Augmenting Human Intelligence
By Nigel Parker, Principal Software Engineer, Commercial Software Engineering, Microsoft Asia
Access to vast amounts of computing power and data has helped transition deep learning from the lab to the hands of businesses and individuals, and this is unlocking many exciting areas for AI – for example, the development of autonomous vehicles, as well as recent projects like “Seeing AI” that narrates the world for the low vision community.
The AI evolution provides significant opportunities for people and organizations in Asia. Imagine what it would mean for our region, if we could all understand each other? Significant AI technology breakthroughs such as Microsoft Translator now enable up to 100 people speaking nine different languages to converse together in real-time, making universal translation a reality. This type of technology was put into real use when I recently presented to a room full of students at KAIST University in South Korea. I was speaking in English and my words were live-translated into Korean subtitles using Microsoft’s Presentation Translator. It certainly kept the hundreds of students in the room engaged, and when they saw translations of their ‘oooh’s and ‘aaaah’s into Korean subtitles, they broke into applause! I’ve never experienced this with a non-native English speaking audience, and felt very connected to the students in the room.
Among the many stories I can share with you about how AI is helping people in Asia, the ones that have made the biggest impact have been those that have helped improve people’s health.
Artificial Intelligence is teaching computers to be more human, and this technology may ultimately make us better humans
For example, ALI Health, a member of the BP Healthcare Group of companies, created Doctor2U, a digital health app that uses Microsoft’s intelligent cloud services to integrate machine learning models to harness data insights and deliver more effective treatment plans for patients. The Hue Family Medicine Center in Vietnam is also trialing a similar healthcare bot. In New Zealand, Volpara is using machine learning to analyze data from a large sample set of images to aid in early breast cancer detection from mammograms.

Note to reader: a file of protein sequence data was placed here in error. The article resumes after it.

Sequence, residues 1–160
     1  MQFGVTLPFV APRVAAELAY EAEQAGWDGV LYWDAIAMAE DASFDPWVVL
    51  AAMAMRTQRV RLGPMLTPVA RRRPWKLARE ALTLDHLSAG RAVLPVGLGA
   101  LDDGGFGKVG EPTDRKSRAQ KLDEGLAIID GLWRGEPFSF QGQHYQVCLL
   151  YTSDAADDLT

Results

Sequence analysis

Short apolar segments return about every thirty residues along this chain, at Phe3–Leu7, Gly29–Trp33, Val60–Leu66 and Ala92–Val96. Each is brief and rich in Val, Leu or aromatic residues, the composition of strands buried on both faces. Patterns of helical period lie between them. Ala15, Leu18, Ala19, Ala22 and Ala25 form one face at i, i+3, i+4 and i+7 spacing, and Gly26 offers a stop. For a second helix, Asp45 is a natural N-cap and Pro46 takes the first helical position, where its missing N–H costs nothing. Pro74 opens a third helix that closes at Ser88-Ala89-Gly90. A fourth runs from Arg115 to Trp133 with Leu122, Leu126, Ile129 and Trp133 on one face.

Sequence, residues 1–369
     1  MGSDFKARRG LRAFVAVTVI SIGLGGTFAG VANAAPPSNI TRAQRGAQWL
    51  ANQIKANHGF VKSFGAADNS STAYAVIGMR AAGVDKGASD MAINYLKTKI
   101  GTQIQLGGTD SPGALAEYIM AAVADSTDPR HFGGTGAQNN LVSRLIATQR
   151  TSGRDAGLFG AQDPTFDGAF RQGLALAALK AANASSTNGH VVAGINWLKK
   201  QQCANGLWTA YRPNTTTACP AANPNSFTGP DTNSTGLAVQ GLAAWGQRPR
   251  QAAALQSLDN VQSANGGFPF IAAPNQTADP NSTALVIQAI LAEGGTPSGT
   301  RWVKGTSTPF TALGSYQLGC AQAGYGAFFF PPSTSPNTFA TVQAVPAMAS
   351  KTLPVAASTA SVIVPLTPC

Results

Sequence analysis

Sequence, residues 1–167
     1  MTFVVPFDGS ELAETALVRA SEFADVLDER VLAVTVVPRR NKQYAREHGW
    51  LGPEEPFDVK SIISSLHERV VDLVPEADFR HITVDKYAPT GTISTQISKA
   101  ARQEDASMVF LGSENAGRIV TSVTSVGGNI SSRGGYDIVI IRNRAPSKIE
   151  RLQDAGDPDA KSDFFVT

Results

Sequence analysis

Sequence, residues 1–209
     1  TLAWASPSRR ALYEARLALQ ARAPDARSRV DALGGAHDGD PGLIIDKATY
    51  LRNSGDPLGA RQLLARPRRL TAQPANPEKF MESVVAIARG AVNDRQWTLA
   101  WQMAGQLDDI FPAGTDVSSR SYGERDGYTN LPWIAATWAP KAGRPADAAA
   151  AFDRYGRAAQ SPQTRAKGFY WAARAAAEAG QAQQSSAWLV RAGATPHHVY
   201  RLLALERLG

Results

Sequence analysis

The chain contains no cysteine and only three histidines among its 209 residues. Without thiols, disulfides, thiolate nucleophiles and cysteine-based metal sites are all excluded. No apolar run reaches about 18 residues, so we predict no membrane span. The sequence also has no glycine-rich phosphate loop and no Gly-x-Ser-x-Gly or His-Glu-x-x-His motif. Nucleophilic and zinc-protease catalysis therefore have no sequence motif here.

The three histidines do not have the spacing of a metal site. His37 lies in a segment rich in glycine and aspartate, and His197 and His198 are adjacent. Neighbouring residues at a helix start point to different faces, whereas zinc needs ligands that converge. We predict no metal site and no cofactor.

But innovation isn’t just limited to larger organizations; we’ve seen student projects that have also been inspired by AI. Team Parasitica from the Bangladesh University of Engineering and Technology recently created the “fasTnosis” app, using Microsoft’s Cognitive Toolkit to help better and more accurately diagnose patients in remote areas via inputs of microscopic images into the app. This helps reduce the time for diagnosis while increasing the accuracy, and in turn, reduces the probability of misdiagnosis.To improve the effectiveness of their model, Parasitica is partnering with the national TB and Malaria organization of Bangladesh to access more training images. The success of the service will enable patients to go straight from a photo to treatment, reducing wait time significantly.
I have my own AI story as well. I have been tracking my personal health data using wearable technologies over the last four years. Automating the process of tracking this information in combination with Microsoft’s machine learning has helped me think more proactively about my health and fitness, and this has helped me improve my overall well-being. I now get an SMS pushed to me when my body is stressed or show early signs of falling ill so I can adjust my own behaviours.
Despite the fears created by Hollywood about the notion of intelligent machines, I believe that people and machines bring different attributes to the table. People have creativity, empathy, and emotion. Machines can reason over vast amounts of data and detect patterns that no human can discern, augmenting and expanding human capability in ways that are both tangible and magical.
Artificial Intelligence is teaching computers to be more human and this technology may ultimately make us better humans. It will give us “superpowers” to meet challenges of all kinds. We must, however, follow some essential design principles. AI must be transparent and secure, set the highest bar for protecting privacy, while also being inclusive and respectful to all. Technology should complement, rather than substitute, human labor. If business leaders change their mindsets from a focus on labor-saving and automation to one that is a maker and creation mindset innovating on business models, we will create richer experiences and possibilities in this AI-empowered world.